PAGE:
How Michael Jackson Saved Sesame Street

Published: July 8, 2009
Categories: Feature, Reports

Last week, the King of Pop unexpectedly passed away. No, not Dr. Pepper. Michael Jackson shed this mortal coil, leaving a trail of press coverage in his wake. Every news source, including blogs, has been talking about Michael, so why should we be left out?

Long before MJ became the poster child for all things creepy, he crossed paths with the Muppets a few times. The most notable example is his appearance in A Special Sesame Street Christmas, the goofy special nobody saw because Christmas Eve on Sesame Street completely overshadowed it. Michael’s afro (and Michael) passed by Oscar’s can to donate the book, “Everything You Wanted to Know About Sex Ghosts”, to the Scrooge-ified grouch. He doesn’t count to (Jackson) 5, he doesn’t Moonwalk in the shape of the letter R, he doesn’t organize a cadre of celebrities to sing about how we are the world. He just hands Oscar a book and exits, stage right. Check out the video below for Michael’s cameo, which is sandwiched in between Ethel Merman singing the Christmas classic, “Tomorrow,” and the moustacioed Smothers Brother dressed as an astronaut.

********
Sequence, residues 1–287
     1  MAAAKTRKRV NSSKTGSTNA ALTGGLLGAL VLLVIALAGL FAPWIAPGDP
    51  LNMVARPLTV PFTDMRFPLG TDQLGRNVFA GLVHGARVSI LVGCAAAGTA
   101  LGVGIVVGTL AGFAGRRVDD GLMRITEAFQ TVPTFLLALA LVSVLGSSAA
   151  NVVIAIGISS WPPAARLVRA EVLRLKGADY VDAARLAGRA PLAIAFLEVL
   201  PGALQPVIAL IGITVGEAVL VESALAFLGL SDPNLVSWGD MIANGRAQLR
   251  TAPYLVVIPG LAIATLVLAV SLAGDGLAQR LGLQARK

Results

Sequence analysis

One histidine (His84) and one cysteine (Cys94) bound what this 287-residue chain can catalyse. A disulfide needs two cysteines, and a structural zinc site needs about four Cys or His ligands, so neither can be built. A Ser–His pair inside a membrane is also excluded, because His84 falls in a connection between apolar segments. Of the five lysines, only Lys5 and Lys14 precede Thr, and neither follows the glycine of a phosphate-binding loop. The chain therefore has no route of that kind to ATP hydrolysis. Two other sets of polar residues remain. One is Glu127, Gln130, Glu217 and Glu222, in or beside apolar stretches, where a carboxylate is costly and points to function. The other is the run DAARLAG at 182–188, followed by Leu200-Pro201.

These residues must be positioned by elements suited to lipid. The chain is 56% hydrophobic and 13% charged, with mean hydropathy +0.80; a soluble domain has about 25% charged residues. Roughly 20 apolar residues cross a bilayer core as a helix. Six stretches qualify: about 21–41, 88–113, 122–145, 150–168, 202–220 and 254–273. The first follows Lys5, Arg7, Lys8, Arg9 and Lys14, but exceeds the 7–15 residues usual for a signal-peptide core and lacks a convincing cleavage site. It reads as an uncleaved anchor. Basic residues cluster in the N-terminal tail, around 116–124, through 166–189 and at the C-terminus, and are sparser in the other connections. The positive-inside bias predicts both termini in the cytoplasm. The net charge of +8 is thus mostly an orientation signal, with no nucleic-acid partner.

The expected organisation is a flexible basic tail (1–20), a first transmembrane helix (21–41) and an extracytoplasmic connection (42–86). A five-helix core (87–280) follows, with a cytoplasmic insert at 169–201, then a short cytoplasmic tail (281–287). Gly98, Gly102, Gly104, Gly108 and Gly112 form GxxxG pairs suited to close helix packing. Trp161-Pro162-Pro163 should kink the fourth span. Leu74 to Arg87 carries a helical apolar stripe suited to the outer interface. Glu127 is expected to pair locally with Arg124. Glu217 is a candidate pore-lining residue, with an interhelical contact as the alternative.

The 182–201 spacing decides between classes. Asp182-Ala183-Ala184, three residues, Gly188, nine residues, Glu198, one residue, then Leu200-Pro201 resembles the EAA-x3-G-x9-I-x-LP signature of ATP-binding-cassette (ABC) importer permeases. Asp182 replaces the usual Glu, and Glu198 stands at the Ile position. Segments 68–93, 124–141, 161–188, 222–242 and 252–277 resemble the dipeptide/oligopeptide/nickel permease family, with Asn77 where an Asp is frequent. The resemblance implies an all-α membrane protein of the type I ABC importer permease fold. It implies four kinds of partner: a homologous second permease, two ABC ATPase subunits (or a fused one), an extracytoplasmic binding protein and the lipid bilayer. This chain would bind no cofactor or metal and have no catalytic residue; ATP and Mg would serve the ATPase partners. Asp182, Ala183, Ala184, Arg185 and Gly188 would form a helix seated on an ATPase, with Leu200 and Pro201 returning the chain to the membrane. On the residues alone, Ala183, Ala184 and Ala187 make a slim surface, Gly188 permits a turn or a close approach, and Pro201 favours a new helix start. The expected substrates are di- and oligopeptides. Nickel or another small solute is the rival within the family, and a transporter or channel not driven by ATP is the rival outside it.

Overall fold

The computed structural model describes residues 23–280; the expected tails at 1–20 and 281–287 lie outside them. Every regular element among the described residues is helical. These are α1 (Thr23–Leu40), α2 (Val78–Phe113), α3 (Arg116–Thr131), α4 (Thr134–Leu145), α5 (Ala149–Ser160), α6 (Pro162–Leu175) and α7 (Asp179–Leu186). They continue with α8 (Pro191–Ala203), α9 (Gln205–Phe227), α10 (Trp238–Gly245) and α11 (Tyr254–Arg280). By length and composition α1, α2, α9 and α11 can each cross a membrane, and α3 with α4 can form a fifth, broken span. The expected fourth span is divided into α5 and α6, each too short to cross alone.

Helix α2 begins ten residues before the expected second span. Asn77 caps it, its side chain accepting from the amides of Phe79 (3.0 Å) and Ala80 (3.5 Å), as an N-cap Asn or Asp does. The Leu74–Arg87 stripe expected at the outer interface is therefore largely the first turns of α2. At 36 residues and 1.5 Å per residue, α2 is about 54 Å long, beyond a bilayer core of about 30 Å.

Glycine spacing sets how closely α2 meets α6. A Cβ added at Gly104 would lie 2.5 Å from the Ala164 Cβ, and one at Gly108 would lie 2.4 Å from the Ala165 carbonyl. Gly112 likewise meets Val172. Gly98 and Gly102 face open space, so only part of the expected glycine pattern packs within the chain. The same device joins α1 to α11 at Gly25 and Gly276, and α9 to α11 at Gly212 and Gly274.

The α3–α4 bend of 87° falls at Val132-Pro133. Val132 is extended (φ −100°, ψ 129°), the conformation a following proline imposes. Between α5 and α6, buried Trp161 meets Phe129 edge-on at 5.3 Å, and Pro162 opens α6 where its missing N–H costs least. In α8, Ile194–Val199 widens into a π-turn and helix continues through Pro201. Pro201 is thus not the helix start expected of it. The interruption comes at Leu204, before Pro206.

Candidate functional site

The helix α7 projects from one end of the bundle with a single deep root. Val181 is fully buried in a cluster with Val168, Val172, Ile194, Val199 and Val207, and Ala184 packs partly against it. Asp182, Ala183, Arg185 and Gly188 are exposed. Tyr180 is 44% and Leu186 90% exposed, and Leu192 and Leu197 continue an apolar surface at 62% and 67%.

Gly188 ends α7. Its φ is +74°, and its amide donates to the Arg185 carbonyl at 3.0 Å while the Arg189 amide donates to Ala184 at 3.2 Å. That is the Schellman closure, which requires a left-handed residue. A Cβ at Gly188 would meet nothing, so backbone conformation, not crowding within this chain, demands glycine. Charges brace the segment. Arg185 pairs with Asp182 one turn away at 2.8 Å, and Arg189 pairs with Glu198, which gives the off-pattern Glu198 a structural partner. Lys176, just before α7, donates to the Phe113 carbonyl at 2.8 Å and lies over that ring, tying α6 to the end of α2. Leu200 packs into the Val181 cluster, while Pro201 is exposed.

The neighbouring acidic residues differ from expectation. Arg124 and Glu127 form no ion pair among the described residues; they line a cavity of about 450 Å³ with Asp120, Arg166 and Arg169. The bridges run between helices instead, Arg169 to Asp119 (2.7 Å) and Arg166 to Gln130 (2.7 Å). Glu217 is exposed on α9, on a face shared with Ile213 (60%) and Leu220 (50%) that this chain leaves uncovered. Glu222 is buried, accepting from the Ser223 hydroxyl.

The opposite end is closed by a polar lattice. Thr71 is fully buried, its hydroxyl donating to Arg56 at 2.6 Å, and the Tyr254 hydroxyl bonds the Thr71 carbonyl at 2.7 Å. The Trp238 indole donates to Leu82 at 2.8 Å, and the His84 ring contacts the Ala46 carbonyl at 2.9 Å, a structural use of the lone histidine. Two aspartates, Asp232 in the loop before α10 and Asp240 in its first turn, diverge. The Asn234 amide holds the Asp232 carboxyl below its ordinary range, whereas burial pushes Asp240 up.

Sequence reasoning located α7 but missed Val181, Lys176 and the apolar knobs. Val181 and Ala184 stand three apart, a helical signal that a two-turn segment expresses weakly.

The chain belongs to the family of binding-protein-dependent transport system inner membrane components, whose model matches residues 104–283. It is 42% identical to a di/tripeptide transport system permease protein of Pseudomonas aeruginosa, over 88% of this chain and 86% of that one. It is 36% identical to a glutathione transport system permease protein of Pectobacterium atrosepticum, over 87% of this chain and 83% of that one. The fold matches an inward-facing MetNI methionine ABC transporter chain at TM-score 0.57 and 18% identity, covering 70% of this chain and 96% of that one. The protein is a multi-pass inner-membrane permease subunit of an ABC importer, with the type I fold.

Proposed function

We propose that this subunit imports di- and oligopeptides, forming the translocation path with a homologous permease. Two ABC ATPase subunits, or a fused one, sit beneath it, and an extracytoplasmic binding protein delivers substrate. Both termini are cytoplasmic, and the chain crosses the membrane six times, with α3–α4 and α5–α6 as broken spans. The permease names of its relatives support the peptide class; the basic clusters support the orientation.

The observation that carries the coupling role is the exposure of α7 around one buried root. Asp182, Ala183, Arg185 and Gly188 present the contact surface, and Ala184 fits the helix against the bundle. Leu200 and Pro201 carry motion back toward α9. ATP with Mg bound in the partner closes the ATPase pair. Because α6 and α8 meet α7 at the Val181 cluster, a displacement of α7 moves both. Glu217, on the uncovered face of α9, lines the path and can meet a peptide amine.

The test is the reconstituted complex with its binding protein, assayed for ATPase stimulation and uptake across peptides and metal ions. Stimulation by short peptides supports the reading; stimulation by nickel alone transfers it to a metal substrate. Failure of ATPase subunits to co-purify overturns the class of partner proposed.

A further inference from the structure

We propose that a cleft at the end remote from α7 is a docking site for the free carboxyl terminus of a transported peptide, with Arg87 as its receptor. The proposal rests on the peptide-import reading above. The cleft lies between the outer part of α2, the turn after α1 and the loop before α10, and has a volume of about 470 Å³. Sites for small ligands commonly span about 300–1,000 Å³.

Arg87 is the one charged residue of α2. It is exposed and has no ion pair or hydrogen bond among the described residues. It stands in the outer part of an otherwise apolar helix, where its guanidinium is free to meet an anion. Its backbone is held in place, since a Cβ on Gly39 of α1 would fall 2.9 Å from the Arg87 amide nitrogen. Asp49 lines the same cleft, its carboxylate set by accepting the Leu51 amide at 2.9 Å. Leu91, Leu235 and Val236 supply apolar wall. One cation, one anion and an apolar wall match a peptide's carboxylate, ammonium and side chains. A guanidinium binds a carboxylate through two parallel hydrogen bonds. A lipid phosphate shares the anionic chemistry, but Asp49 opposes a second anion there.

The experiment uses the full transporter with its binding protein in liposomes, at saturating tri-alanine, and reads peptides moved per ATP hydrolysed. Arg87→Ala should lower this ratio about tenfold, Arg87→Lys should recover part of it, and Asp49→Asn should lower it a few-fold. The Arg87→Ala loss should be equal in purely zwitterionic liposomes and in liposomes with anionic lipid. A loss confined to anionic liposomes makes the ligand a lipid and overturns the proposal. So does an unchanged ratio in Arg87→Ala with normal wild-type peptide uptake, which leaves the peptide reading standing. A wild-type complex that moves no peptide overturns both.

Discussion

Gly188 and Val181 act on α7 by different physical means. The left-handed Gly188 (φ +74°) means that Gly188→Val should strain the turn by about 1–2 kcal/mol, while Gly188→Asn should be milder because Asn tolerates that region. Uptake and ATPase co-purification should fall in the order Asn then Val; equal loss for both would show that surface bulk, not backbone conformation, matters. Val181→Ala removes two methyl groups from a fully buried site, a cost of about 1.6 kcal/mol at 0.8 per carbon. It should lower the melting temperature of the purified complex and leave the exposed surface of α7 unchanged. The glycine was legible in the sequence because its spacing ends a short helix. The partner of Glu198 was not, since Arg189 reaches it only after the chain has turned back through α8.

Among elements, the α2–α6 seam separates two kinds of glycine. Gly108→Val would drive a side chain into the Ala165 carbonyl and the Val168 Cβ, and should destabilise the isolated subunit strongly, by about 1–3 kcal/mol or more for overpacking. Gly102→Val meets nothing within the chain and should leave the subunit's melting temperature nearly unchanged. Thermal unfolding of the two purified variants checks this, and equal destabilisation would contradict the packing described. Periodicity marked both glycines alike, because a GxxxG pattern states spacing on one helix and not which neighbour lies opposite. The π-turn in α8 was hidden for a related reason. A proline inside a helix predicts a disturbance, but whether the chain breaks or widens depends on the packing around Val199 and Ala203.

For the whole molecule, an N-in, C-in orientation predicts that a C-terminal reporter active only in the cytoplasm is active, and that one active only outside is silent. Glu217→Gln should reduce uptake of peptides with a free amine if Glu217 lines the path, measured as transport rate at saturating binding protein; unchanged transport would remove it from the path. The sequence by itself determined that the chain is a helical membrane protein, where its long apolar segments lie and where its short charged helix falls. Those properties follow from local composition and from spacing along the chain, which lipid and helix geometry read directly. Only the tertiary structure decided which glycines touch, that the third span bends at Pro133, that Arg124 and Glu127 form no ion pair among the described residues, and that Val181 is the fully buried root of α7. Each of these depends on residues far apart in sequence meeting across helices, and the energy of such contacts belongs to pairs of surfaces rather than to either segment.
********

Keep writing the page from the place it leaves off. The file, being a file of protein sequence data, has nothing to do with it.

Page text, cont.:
Michael was parodied and referenced a few times here and there: a Muppet Babies comic book cover, “Beat It” in the Muppet Show on Tour show, “Billie Jean” light-up sidewalks in the “I’m Gonna Always Love You” music video. But Jackson only had one other significant connection to Sesame Street, which Chris Cerf related at a book signing last winter.

For all of the musical parodies that Sesame Street produced, very few of them resembled the original song enough to warrant legal action. “Letter B”, a parody of The Beatles’ “Let It Be”, had the unfortunate distinction of being too similar to the original. Northern Songs, which owned the Beatles’ library, threatened to sue the Children’s Television Workshop for $5.5 million. Thankfully, before the case went to trial, Michael Jackson swooped in on wings of angels and purchased the Beatles catalog. He decided not to pursue legal action, and CTW was only fined $50, which Cerf paid out of his own pocket.

Did Michael decide to drop the suit because of his appearance in A Special Sesame Street Christmas? If so, maybe the special wasn’t so bad after all. It might’ve saved Sesame Street $5.5 million (minus $50, of course). And we’ll just tack that on as one of the many, many ways Michael Jackson left his mark on the world.
Special thanks to Guillermo for uploading the video!

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by Joe Hennes –

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Written by Joe Hennes

Co-owner and Editor-in-Chief.
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